Moving on UP – “The chef and owner of Michelin-starred Elizabeth and Japanese pub Kitsune in Chicago is taking her fascination with foraging to the next level with the opening of the Milkweed Inn in Michigan’s Upper Peninsula. Iliana Regan tells Eater [Detroit’s Brenna Houck] that she and wife Anna Hamlin have acquired a remote 150-acre wooded property in Nahma Township near the Hiawatha National Forest with plans to create a farm and inn for secluded summer weekend getaways.”
That sounds so wonderful, and I wish them nothing but the best of luck, and apropos of nothing at all here is the trailer for the new Pet Sematary remake starring John Lithgow.
The Earnings Elite – Headline from Danni Santana in Skift Table: “Yelp Beats Earnings and Predicts Double-Digit Revenue Growth Through 2025… The user-generated review site grew revenue by 11 percent over the period, up to $244 million, due to a double-digit improvement in advertising revenue. Yelp’s overall revenue for the year also jumped 11 percent to $943 million, according to the company.” Welp, about a billion a year ain’t bad…
The Accelerator – This Laura Hayes article in Washington City Paper is mostly about the specific pros and cons of joining the new food accelerator program at Union Kitchen, a D.C. community kitchen, but it’s also a useful read for anyone thinking of joining any of the many similar operations starting up all over the country: “Every food-related accelerator is different in terms of set-up, duration, mentor network, and give and take… Food-X [NYC] provides entrepreneurs with $65,000 in cash and values its programming at $50,000 in exchange for 8 percent equity. The Food Foundry [Chicago] takes 3 percent equity in exchange for an investment package it values at $100,000. TERRA in San Francisco takes zero equity because of its strategy that pairs startups with corporations, which foot the bill. By comparison, Union Kitchen asks for 10 percent equity, does not provide any cash upfront, and does not publish the estimated value of its total programming.” To be fair: What is the estimated value of having Whole Foods buyers saved in favorites?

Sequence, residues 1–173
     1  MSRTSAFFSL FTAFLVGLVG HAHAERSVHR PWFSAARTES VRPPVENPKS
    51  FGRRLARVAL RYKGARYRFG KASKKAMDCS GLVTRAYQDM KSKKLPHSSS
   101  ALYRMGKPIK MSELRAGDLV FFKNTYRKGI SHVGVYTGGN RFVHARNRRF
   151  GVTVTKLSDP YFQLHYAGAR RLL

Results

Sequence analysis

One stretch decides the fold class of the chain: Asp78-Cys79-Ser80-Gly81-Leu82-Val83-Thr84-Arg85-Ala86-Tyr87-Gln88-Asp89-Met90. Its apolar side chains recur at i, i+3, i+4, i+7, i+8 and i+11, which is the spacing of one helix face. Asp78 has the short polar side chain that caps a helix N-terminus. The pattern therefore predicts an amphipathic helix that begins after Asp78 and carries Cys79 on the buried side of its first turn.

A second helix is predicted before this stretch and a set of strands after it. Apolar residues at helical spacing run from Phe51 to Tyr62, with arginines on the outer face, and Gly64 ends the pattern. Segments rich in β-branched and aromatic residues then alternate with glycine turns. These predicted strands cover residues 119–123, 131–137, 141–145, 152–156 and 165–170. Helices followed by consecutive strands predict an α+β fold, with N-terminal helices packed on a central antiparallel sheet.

The Fire Sale – “Last year, formerly massive Houston restaurant group Cherry Pie Hospitality disappeared entirely from the city’s restaurant scene. Before going away, though, two new lawsuits filed against the company alleges that it sold off its much-lauded restaurants in a fire sale without paying debts it owed first. The suit, filed in Harris County District Court in late December, alleges that Cherry Pie Hospitality failed to make good on a $1 million loan extended to the company by an investor named Max Levit.” Full story from Amy McCarthy in Eater Houston.
For Design Fans – Hello, I am new to the Barton G. phenomenon but have decided from the look of this photo spread that where before I knew nothing about the sophisticated subtlety of golden gorillas, now I know less.
And that’s it for today.
I’ll see you here Friday for next Family Meal!